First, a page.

Stiff penalties for those that choose to use phone while driving
TRI-CITY AREA — Starting Friday, June 30, only hands-free cell phones can be used while driving, except in cases of emergency or to report a crime taking place.
This means, starting Friday, drivers can be fined if they are stopped for holding their phones during a call, scrolling their social media feeds or any other phone use.
“While Driving” also includes while stopped at a traffic light or a stop sign.
Using a cellphone while driving will be a primary offense–meaning that law enforcement could pull someone over and ticket them for this offense. The new law makes Michigan the 26th so-called hands-free state.
Under the new law, those caught improperly using their phones while driving would be subject to the following fines:
$100 civil fine for first-time offenders and/or 16 hours of community service, $250 fines for each subsequent violation, and/or 24 hours of community service.
Fines would be doubled if the penalty occurs during a car crash.
If a person driving a commercial vehicle or a school bus is caught holding or using a cellphone, they would face the following fines:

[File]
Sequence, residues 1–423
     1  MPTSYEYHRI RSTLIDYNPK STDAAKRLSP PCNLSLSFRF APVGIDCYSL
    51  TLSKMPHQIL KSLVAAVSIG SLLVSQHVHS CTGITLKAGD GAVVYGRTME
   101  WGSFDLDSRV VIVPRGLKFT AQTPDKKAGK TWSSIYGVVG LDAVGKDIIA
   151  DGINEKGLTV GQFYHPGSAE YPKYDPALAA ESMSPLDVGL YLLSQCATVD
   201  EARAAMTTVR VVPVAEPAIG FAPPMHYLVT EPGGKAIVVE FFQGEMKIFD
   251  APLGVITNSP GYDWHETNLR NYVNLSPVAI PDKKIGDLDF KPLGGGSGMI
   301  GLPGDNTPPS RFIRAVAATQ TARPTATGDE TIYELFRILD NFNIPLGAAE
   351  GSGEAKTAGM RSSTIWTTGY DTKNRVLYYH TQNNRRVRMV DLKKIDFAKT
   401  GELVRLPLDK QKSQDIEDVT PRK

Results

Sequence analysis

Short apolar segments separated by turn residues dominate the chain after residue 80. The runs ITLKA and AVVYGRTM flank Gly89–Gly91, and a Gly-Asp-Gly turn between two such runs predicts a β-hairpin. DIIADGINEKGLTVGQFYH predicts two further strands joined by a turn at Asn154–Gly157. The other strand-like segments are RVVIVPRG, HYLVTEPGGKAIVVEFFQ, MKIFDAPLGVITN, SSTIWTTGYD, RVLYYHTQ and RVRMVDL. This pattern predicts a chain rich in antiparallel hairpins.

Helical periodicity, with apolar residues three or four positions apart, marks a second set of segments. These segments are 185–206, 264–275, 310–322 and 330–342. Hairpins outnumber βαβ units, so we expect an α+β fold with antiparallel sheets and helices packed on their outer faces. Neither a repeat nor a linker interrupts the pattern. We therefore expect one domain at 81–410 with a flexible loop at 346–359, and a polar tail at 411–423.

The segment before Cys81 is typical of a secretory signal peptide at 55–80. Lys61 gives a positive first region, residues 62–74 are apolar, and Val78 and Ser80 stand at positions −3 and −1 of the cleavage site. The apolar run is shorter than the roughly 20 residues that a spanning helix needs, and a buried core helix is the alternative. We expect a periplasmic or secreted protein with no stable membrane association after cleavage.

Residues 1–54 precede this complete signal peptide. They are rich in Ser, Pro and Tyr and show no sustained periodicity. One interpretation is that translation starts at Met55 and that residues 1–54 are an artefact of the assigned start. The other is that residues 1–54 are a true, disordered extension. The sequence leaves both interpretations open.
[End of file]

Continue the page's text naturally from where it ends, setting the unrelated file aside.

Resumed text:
First violation: $200 fine or 32 hours of community service, or both. Second or subsequent violation: $500 fine or 48 hours of community service, or both.
Under the legislation, if a crash were to occur and the at-fault driver was holding or using a cellphone while driving, any civil fines ordered “must be double the amount that would otherwise be ordered.”
Law enforcement, first responders and other public emergency workers would not be prohibited from using a cellphone while performing official duties.
As with any primary infraction observed on the roadways, the potential exists to get pulled over.
Local police chiefs say they do not intend to go out of their way looking for violators, but on the other hand, they will observe, as they do for any violators, while on patrol.
Capac Interim Police Chief Carlo Dealco said patrol officers, “will not treat the new law any differently than the laws already in place.” He added, “It is a discretion thing, for the officer to decide whether or not a stop is made.”
Dryden Township Police Chief, Shawn Peters, said the new law is just one more thing for officers to keep track of, commenting “Our department will focus on all traffic laws this summer as the warmer months can be some of the most dangerous on Michigan roads.”
Meanwhile, Imlay City Police Chief Selby advised, “The best advice I could give is don’t bring it to our attention and we won’t be inclined to bring it to yours. Certainly, our department will also participate in any state campaigns for distracted driving enforcement as well.”
Law enforcement agencies from all levels including local, county and state will be out in full force this Fourth of July weekend, keeping an eye on violators.